Tuesday, January 31, 2012

Taking the shot: How to overcome our innate fear of losing

Is too much tennis barely enough?  I have been pigging out on the Australian Open over the last couple of weeks, watching elite sportspeople do battle, pitting their physical and mental strength against that of their opponents. What stuck me was how the fear of losing can be more powerful than the will to win; and that's exactly the trap most businesses fall into.  Choking.  When you play defensively waiting for someone else to make a mistake rather than taking the shot. When you are the dominant player and don't change your business model in response to changed market conditions, unravelling as competitors come in and steal your ground.  I'm thinking of you Kodak, Yellow Pages, Nokia, Microsoft, Borders... So let's dig into why and how you can overcome this paralysis.

Fear of losing
Loss aversion is the behavioural principle that I have mentioned most often in my blog articles because I believe it is one of the keys to unlocking an understanding human behaviour.  Our tendency to avoid loss rather than seek gain is one of the strongest, most primal responses that influences the actions we take because frankly, it seems safer. It's a "Better the Devil You Know" approach.  Chasing the win requires stretching into the unknown and that can be uncomfortable whereas structuring your business to hold on to what you have - circling the wagons - is much more familiar.  From small businesses to boardrooms at the big end of town, introducing price rises rather than launching new products, prioritising higher margin but end of life products rather than lower margin growth products, slavishly applying traditional marketing techniques in a new digital world, and staying with incumbent suppliers who disappoint rather than trying someone new are examples where loss aversion may have reared its head.

Overcoming loss aversion
So how can you get over this mental barrier?

Last year I read Timothy Ferris' book "The 4-Hour Work Week".  Ferris' aspirational lifestyle aside, what I found really useful about the book were the processes to overcome fear of taking the leap to a new style of career.  In other words, tips for overcoming loss aversion.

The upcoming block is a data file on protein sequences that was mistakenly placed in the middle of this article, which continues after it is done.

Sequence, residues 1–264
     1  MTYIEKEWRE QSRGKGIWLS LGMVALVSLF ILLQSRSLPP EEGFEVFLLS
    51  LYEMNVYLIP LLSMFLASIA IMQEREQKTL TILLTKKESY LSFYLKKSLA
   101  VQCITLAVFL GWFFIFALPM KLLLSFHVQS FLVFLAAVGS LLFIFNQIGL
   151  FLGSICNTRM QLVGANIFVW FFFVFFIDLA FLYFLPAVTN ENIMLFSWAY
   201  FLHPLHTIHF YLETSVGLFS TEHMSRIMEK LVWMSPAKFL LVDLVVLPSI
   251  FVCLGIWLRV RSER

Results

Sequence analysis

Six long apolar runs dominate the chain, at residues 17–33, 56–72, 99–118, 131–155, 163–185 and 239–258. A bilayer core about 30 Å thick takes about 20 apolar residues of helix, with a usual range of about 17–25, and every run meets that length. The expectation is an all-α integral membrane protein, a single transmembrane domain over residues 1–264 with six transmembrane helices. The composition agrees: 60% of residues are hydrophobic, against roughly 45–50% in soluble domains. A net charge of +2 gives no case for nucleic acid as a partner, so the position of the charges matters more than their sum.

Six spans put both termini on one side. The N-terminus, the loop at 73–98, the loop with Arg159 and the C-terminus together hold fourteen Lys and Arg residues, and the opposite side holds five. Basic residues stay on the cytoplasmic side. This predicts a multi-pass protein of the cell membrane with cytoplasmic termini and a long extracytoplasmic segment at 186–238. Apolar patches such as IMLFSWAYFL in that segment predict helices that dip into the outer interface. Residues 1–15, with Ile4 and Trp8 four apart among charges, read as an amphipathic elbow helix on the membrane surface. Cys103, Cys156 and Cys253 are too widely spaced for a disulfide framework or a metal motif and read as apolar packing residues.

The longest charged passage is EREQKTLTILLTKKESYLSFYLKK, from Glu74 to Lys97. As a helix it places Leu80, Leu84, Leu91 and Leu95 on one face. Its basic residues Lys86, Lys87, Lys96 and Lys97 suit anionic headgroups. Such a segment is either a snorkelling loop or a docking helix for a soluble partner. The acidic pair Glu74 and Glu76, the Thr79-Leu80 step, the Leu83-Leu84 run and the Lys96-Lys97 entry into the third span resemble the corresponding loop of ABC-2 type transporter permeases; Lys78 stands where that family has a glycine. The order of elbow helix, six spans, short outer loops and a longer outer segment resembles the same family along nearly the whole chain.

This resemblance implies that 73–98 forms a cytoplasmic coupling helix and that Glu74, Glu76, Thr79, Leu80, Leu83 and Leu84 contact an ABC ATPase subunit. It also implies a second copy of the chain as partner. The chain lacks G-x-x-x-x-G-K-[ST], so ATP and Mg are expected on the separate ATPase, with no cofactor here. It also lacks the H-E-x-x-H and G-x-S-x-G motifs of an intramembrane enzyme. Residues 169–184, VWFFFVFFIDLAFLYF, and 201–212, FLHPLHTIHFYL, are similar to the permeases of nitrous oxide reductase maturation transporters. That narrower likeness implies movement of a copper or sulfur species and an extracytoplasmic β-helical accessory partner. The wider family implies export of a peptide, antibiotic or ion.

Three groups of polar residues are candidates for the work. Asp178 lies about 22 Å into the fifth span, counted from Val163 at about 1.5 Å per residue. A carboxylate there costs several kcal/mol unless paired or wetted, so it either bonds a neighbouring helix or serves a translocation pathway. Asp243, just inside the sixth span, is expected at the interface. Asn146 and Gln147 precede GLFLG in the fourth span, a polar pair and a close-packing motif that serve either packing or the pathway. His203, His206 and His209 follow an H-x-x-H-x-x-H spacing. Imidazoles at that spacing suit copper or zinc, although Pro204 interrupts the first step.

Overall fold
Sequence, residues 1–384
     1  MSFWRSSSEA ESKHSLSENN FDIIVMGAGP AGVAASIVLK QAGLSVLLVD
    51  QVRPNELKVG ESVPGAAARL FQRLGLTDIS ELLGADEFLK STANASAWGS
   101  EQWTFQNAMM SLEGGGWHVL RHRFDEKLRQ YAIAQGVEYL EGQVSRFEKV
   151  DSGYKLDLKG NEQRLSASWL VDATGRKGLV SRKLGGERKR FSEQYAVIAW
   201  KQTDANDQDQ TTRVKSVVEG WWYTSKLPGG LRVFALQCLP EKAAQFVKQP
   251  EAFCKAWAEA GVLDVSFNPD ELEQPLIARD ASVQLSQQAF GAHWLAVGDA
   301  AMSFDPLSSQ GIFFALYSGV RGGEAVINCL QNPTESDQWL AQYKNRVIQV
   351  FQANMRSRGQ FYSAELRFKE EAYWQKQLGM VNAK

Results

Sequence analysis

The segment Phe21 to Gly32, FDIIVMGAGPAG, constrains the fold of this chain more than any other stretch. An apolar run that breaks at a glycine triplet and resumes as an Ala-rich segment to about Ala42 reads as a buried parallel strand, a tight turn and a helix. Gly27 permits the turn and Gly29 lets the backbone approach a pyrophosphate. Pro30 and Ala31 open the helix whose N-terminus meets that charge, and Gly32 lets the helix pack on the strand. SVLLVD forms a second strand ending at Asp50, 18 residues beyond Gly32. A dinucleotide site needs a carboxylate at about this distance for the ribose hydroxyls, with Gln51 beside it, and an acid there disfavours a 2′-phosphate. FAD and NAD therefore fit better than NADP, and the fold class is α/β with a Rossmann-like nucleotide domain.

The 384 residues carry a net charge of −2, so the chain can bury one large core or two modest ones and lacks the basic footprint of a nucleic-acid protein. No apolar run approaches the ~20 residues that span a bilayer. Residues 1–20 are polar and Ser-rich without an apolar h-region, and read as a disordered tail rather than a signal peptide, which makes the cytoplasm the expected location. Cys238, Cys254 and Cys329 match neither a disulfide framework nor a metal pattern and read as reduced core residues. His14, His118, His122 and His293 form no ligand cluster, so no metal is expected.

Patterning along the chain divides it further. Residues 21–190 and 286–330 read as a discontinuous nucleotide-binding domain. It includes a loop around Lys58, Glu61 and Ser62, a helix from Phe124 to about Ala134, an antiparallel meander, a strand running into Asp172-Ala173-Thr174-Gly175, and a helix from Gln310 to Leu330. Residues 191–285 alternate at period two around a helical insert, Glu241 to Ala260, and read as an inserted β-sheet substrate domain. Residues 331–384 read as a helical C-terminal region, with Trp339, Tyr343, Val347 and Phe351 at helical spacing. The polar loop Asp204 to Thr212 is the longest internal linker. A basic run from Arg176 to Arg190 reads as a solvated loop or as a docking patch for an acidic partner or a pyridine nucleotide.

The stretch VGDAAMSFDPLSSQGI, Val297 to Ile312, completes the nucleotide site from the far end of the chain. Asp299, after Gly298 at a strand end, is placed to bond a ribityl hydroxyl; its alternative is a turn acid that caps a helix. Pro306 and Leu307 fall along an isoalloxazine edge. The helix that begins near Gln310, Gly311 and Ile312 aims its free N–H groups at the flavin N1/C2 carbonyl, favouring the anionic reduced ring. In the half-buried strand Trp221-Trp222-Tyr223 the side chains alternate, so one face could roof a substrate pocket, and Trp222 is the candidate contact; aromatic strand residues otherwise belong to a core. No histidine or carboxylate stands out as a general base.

Whilst written from a career change perspective, this process can be used to overcome business fear too.
1. Define your worst nightmare
2. What steps could you take to repair the damage?
3. What are the benefits of more probable scenarios?
4. If it happened today, what would you do it get things under financial control?
5. What are you putting off out of fear
6. What is postponing action costing you financially, emotionally and physically?
7. What are you waiting for?

Another technique I have used, based on Ian Stephens' 7 Step Pathway to Mastery, is to write down;
1. what you want your future state to look like
2. 25 Benefits to you/your business of achieving this future state
3. what this means for your priorities.  Then;
4. 25 disadvantages of of not moving to the future state, and
5. What these disadvantages will mean in 5-10 years (which amplifies the downside of inaction).
And finally;
6. What the benefits will mean in 5-10 years and
7. The steps to which you will commit to achieve your future state.

At their core, both Tim and Ian's methods amplify the negative impacts of loss aversion (by doing nothing or doing the same) to such an extent that it is much less palatable than the benefits of taking action.  And that is the key to conquering loss aversion.  We are all familiar with listing the pros and cons of taking a course of action, but loss aversion teaches us we need to get more familiar with the cons of inaction if we want to be someone who steps up and takes the shot.  Happy conquering.

Image from blogs.abc.net.au

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